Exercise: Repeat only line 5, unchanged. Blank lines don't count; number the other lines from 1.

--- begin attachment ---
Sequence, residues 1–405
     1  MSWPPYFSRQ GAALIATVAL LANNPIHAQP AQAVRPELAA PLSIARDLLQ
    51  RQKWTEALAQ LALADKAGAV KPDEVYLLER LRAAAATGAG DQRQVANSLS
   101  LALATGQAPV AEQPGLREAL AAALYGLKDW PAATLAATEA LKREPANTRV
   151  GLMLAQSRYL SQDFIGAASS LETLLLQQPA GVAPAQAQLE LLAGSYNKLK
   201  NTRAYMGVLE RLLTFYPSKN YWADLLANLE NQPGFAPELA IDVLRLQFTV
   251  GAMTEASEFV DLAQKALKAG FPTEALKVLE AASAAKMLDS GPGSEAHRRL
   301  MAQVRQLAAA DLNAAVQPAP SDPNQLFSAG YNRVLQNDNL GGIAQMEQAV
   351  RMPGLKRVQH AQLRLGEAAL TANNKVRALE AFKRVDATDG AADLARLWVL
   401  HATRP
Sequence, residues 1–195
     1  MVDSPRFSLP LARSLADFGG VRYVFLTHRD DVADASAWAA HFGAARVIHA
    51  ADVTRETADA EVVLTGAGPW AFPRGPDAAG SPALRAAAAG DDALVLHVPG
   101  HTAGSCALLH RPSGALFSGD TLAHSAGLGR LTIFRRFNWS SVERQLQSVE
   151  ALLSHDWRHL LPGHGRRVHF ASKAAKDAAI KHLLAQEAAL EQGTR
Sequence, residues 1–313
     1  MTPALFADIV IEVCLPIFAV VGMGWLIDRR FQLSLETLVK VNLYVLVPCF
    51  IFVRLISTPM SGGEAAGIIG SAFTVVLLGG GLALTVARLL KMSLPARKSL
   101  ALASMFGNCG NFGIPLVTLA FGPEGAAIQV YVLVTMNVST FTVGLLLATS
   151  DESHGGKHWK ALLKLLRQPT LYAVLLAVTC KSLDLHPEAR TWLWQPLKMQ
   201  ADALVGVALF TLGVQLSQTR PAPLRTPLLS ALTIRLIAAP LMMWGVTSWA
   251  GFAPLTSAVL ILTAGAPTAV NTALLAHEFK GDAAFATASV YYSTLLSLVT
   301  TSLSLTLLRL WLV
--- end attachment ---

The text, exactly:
   151  GLMLAQSRYL SQDFIGAASS LETLLLQQPA GVAPAQAQLE LLAGSYNKLK